The Lighthouse Illuminating the landscape



Serious writers being silly:

Words with JAM first page competition – win £500

Why I Love To the Lighthouse: Last October’s non-fiction tutor, Andrew Crofts, shared his thoughts on The Wattpad: ld-wattpad-be-greatest-university-of.html

Inspiration Anne Korkeakivi’s Writing Foreign Words: 02304636404577293530441505146.html? mod=googlenews_wsj (Thanks to Chantal Panozzo of ZWW notoriety for sending us this one.) Peter Carey at Goodreads: 1.Peter_Carey? l&utm_campaign=carey Elizabeth Gilbert on nurturing creativity: _genius.html (Thanks to Max Orkis for this link.)

All Things Considered’s contest has a simple premise: Listeners send in original short stories that can be read in three minutes or less. At last! A BBC competition that is ONLY open to writers abroad! rts/bbc_world_service_international_playwriting _competition_2012.shtml Writer Wanted

“We at produce guides for expatriates. Our Guides offer expatriates everything they need to know about their destination: the dos and don’ts, tips and hints, practical advice and local contacts. They are written by expats for expats.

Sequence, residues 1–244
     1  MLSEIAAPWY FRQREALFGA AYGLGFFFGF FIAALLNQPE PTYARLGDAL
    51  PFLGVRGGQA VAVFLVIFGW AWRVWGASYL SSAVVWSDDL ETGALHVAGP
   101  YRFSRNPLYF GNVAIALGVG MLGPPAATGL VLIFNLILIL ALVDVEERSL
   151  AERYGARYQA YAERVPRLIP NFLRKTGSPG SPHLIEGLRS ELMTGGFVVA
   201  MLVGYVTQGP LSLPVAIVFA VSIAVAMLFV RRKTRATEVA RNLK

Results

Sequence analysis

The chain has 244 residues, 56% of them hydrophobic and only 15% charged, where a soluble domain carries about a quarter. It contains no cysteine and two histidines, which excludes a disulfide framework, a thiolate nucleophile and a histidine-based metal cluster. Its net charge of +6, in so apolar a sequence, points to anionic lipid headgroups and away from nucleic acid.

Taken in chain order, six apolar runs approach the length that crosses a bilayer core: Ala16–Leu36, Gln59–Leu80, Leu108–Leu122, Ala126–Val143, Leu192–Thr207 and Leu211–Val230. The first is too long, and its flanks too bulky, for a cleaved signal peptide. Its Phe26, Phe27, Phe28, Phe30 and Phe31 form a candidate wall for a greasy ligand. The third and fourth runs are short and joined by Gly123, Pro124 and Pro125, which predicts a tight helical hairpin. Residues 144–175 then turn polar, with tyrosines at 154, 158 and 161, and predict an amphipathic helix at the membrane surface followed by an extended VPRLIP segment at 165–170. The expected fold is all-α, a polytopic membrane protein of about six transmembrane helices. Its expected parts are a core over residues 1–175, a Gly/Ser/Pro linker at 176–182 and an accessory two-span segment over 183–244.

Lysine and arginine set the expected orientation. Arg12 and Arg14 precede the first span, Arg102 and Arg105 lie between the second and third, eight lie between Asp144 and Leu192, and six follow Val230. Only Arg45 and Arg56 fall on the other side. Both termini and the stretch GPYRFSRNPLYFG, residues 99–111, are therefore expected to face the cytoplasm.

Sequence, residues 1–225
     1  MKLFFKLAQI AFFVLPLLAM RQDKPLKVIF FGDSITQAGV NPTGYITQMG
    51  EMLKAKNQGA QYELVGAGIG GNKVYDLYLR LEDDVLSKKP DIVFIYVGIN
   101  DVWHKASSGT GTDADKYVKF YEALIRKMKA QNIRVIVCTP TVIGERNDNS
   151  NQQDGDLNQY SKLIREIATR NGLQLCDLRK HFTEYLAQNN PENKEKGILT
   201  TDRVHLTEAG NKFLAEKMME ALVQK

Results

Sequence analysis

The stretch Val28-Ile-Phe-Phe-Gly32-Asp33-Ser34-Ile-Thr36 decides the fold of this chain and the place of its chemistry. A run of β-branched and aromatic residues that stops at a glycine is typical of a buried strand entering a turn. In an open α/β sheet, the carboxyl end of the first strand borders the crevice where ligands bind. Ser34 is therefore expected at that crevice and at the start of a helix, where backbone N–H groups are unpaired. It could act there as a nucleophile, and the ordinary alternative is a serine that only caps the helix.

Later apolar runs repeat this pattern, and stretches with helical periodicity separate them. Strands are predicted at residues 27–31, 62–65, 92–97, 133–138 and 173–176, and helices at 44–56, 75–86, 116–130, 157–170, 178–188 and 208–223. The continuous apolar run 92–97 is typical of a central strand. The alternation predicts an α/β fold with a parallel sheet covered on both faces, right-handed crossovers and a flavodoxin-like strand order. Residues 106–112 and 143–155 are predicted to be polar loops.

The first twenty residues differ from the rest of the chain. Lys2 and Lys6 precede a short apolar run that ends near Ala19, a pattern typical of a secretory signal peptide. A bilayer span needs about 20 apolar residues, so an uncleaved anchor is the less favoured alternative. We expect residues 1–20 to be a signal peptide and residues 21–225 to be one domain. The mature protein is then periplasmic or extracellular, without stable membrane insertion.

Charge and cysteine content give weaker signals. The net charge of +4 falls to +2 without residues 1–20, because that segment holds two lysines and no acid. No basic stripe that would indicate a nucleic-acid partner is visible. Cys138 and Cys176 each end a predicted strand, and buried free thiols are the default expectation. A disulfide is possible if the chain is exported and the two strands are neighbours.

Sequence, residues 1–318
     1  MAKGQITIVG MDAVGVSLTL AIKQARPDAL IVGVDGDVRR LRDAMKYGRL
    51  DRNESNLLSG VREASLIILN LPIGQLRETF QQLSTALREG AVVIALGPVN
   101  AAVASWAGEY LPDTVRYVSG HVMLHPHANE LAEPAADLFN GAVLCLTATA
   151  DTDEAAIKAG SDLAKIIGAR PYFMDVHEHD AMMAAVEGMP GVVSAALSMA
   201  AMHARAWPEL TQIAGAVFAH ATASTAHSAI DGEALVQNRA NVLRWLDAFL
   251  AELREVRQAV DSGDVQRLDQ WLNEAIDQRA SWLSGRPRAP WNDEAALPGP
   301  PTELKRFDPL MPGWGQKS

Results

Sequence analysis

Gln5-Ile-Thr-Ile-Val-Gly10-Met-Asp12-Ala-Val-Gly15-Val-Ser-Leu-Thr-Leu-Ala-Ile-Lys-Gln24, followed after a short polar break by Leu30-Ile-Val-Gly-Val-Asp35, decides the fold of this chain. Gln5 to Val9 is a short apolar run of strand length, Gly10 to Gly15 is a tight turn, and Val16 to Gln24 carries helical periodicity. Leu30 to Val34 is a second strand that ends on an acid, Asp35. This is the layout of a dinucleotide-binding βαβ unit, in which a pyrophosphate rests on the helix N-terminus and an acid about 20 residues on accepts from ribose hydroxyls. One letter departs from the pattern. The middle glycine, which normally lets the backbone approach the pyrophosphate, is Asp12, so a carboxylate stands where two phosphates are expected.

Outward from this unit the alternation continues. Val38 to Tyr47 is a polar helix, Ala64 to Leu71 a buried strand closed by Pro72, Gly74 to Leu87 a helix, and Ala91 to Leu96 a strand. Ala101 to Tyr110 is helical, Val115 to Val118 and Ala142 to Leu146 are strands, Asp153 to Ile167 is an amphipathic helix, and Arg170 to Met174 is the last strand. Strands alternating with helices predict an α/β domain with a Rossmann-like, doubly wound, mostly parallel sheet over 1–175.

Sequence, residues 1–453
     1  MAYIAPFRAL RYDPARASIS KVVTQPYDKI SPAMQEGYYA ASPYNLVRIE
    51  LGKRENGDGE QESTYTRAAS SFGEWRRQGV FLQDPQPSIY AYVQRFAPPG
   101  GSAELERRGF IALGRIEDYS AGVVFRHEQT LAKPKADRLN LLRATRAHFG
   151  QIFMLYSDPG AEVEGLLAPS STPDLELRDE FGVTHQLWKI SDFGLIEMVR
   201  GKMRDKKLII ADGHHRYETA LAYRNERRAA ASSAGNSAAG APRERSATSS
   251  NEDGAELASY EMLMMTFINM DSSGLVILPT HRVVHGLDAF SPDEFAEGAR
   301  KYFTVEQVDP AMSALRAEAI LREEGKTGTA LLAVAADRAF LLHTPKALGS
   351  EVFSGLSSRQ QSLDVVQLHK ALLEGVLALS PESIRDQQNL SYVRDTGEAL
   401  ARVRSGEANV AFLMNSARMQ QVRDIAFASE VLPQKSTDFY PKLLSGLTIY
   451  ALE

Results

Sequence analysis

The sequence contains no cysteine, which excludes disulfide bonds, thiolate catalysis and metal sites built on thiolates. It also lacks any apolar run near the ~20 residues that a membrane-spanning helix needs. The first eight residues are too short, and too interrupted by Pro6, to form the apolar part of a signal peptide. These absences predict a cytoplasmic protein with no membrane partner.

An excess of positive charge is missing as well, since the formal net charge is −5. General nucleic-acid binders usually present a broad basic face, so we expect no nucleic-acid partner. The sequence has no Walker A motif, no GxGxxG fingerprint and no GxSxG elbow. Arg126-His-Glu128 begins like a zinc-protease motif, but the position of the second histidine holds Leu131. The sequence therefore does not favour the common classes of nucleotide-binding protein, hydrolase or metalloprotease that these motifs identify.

“At the moment, we are looking for an author for the Guide to Zurich, and we were wondering if maybe one of your writers would be interested? This kind of book can easily be written even by a beginner, and authors Zürich, June 2012 /8

receive ample help from our side. Interested writers can contact us on for more information about this unique opportunity.”

As a few eagle-eyed observers already spotted, our very own Jill Prewett (aka JJ Marsh) has published the first in the Beatrice Stubbs series, Behind Closed Doors.

Writers Abroad are seeking submissions of short stories and non-fiction pieces and poetry on the general theme of relationships around the world. The anthology will be print published and later available as an e-book. This year Writers Abroad will be donating all profits made to charity, Books Abroad

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Critics have already variously said:

“... nerve shredding climax … a brilliantlyBlogging Adventures From a Zürich creative writer of different media. Games, music and programming from Dragica Kahlina:

Books Interactive fiction – The Tower of Clavius Boon